In those years silver was discovered in Fresnillo and mines were being opened in the mountains near the settlement. Within a few weeks of the opening of the mine of Fresnillo, there was an explosion and many miners were trapped. The wives of the miners went to the church of St. Augustine to pray for their husbands and noticed that the child on the image of Our Lady of Atocha was missing. At the same time, it was said that a child came to the trapped miners, gave them water and showed them the way out of the mine. Whenever there was a problem at the mine the child helped the miners in need. Each time this happened, the image of the child on the Virgin's arms was found to be dirty and his clothes had little holes in them. After that the Holy Child was taken off his mother's arms and put on a glass box for everyone to see. The Holy Child of Atocha has become a symbol of Zacatecas and the protector of miners. Many make pilgrimages to Plateros at Christmas to bring toys to the Holy Child.
A variant version of Santo Nino de Atocha is venerated among the Filipino people in the Republic of the Philippines. Commonly known as Santo Niño (Holy Child) in the Filipino culture, the child Jesus is also portrayed very similarly to the Spanish Atocha, except that it is always standing rather than seated pose. A cane or staff with an attached bag or basket is also commonly featured, usually filled with coins or candy, with a pilgrim hat resembling the Atocha image. These depictions are commonly associated by the original Santo Niño de Cebu brought by Ferdinand Magellan in the 16th century. The current Santo Niño featured in many Filipino homes is traditionally featured in either green or red garments. A red garment is traditionally associated for the residential home, while a green garment is traditionally associated for business locations. In addition, many Filipinos make special tailored garments for the Santo Niño depending on their professional roles, such as nurses, doctors, janitors, teachers and many other occupational roles. A special tailored garment for the Santo Niño depicts the occupational role which a person or business establishment enshrines under this patronage.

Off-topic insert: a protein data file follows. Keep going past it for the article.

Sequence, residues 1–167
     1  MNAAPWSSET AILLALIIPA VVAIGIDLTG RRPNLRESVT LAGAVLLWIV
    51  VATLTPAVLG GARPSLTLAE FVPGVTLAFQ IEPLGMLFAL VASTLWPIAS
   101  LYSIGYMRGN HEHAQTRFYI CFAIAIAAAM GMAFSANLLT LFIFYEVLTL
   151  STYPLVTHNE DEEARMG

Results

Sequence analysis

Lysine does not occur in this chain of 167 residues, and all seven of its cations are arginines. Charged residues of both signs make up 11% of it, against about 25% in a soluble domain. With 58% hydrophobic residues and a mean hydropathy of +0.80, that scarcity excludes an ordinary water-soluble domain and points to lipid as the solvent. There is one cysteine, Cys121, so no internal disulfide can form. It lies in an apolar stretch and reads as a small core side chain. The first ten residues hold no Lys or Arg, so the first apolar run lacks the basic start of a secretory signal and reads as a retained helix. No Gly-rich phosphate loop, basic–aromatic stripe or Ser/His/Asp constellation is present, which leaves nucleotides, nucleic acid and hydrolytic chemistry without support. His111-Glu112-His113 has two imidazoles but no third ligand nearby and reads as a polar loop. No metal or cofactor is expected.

Pop culture and other references
Santo Niño de Atocha is sometimes associated with the Yoruba orisha Eshu, or Elegua.
This santo appears in the 1991 novel Mojo and the Pickle Jar, by Douglas Bell.
On the television sitcom George Lopez, the Santo Niño de Atocha is displayed in the family's kitchen.
In Wizards of Waverly Place, they have a candle in their wizard lair with the Santo Niño de Atocha's image.
- Child Jesus
- Infant Jesus of Prague
- Divine Infant Jesus
- Santo Niño de Cebu
- Madonna and Child
- Holy Prepuce
- Holy Umbilical Cord
- Infancy Gospels
- Holy Infant of Good Health
- Niño of Mexico
|Wikimedia Commons has media related to Holy Infant of Atocha.|
- Icon of El Santo Niño de Atocha http://puffin.creighton.edu/jesuit/andre/atocha.html by American Roman Catholic priest Fr. McNichols
- Le Petit Ecolier image on French LU cookies closely resembles the child pilgrim
- Santo Niño Online- A blog connecting Santo Niño devotees worldwide